“A … woman, a priest, two ministers and a rabbi got together….”
“It sounds like the beginning of a bad joke,” according to the United Way on its website, “but they didn’t walk into a bar; what they did do was recognize the need to work together in new ways [in 1887] to make Denver a better place.”
More than 130 years later, in 2018, the organization is the largest privately funded nonprofit in the world with a presence in some 1,800 communities in more than 40 countries and territories. But, in Forbes Magazines’ list of 2017’s largest U.S. charities, author William P. Barrett notes that “[w]hile total donations to the 100 largest U.S. charities rose 3% last year, United Way Worldwide, the perennial No. 1, continued its long decline.” For over a decade, contributions (mostly made “by paycheck donations authorized by workers” to a “network of more than 1,000 legally separate local units”) have fallen off. Author Barrett diagnoses the problem as trying to “be many things to many donors” like “many social-service agencies” as well as competition via the internet and social media by smaller, narrower organizations for supporters and donors. In addition, the spectacular growth of donor-advised funds has siphoned off funds.
Against the backdrop of these fundraising challenges, several United Ways affiliates have been having unfortunate “public moments” recently, with notably bad messaging and worse optics.
United Way: Philly and South Jersey
In the middle of October 2018, the 100 staff members of the United Way of Greater Philadelphia and Southern New Jersey got a 1-2 gut punch from management. On Friday the 12th, they were told that “a ‘restructuring’ would occur.” On Monday the 15th, thirty-seven of them were called to a conference room one by one, where they were fired. The timing would never have been good, but this was right in the middle of the fundraising campaign season.
Bill Golderer, the new CEO of this United Way affiliate, denied the intention of this drastic move was to cut costs, despite the falloff in the past year’s campaign of some 22% from the prior year. Instead, he continued the earlier characterization of it as a “restructuring” while calling it “bold and painful.” The layoffs, he explained, are a “first step in a transformational metamorphosis in a United Way that is going to be built for a purpose the board has adopted.” That purpose is “the reduction of poverty.”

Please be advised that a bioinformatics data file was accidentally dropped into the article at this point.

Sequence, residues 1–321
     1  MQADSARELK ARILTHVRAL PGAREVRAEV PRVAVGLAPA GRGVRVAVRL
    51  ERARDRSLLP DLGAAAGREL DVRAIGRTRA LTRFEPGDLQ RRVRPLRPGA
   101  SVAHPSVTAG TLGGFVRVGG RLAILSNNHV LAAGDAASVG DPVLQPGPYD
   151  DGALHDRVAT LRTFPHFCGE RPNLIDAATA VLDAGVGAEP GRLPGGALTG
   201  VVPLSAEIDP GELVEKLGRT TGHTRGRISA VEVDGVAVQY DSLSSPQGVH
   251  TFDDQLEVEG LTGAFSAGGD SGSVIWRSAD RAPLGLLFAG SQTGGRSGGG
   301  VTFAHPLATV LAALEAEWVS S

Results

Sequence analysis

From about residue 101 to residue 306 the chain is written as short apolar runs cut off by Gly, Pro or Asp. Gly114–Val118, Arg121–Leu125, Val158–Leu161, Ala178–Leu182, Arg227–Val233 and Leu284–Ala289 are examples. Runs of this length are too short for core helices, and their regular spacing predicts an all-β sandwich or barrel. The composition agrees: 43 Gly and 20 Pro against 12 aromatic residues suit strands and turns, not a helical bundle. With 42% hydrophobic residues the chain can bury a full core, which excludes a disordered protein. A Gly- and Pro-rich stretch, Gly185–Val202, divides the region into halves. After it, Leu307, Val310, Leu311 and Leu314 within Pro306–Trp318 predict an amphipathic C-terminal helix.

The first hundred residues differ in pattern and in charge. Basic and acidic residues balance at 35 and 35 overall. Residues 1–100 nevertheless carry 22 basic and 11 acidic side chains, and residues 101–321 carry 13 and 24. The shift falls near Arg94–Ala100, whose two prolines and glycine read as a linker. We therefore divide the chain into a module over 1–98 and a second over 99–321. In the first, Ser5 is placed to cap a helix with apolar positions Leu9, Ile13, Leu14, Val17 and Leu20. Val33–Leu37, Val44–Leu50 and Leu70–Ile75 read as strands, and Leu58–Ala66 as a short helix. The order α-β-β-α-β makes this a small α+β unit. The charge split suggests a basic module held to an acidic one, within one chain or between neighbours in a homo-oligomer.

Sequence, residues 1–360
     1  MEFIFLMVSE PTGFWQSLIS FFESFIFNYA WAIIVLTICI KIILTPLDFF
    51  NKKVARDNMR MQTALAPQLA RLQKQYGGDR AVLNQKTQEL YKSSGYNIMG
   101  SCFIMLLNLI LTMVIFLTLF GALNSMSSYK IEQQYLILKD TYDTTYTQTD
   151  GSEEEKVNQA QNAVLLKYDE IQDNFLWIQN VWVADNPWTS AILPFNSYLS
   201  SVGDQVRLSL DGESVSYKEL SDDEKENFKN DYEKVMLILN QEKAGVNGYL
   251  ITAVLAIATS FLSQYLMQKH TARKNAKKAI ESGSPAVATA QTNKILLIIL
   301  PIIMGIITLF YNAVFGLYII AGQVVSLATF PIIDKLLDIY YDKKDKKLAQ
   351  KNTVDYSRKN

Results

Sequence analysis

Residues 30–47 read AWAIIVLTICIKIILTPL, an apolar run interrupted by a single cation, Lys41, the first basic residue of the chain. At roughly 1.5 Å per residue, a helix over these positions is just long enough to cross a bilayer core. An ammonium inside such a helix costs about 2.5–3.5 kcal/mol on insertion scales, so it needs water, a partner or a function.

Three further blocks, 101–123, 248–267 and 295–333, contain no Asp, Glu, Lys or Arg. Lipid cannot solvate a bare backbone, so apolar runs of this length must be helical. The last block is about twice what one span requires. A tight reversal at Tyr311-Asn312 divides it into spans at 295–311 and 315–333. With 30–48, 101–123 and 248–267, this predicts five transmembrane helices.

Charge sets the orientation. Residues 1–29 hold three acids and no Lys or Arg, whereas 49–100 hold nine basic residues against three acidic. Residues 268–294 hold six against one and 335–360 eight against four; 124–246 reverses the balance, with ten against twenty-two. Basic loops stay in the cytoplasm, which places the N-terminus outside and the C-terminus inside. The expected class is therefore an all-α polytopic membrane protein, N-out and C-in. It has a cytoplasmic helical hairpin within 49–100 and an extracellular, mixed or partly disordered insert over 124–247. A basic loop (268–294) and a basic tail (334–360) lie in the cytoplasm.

A week later, CEO Golderer acknowledged to the NonProfit Times that the significant know “if it’d be the same conversation we’re having. There’s a sense of urgency around the need to evolve.”
United Way: Greater Cincinnati
October 2018 was also a tough month for United Way of Greater Cincinnati, the nation’s sixth largest UW affiliate.
Its CEO, Michael Johnson, took temporary “leave, charging that the board, particularly the chair, has been micromanaging and undercutting his work by issuing ‘subtle threats’ and creating a ‘hostile work environment.’” But Mr. Johnson, the first African-American leader in the agency’s 100-year history, had just come on board a few months before – in July 2018. He replaced a person who had served as chief executive officer for some 18 years.
Just days before his extraordinary exit, Michael Johnson had warned nonprofit organizations in the community that the United Way’s local campaign would be off projections by some 15-20 percent, so there would be cuts in funding allocations.
For each of the past three years, there had been a fundraising shortfall. Cuts had been made – all before his brief tenure, of course – “in-house, but these options [were] closing out,” leaving the only option to give less to the funded nonprofits. Johnson explained that “some other UWs were having similar or worse declines.”
Any public personnel spat surely doesn’t help in the final weeks of a fundraising campaign already plagued by challenges, but this particular dispute has created anger and blowback from black leaders in the city.
CEO Johnson had “left behind a letter that charged the board, and in particular its chair Julie Poston, with undermining him and issuing subtle threats” during his brief few months at his new post at the Greater Cincinnati United Way. According to Johnson, Ms. Poston described him as an “angry man,” and “unfairly attack[ed] [his] credibility with key stakeholders” and created “challenges within [the] organization.
Ms. Poston and the board vice chair crafted a response to Mr. Johnson’s letter which, suffice it to say, did little to tamp down the simmering tensions.
A dozen “prominent Black community leaders” reacted promptly, making a visit to the interim CEO, Ross Meyer, “to suggest that Poston should be the one to leave and that Johnson should be returned to his post and allowed to do his job.”
Time will tell how these two affiliates recover from these setbacks which, set against a trend of fundraising shortfalls for United Ways generally, are exacerbated by self-inflicted missteps.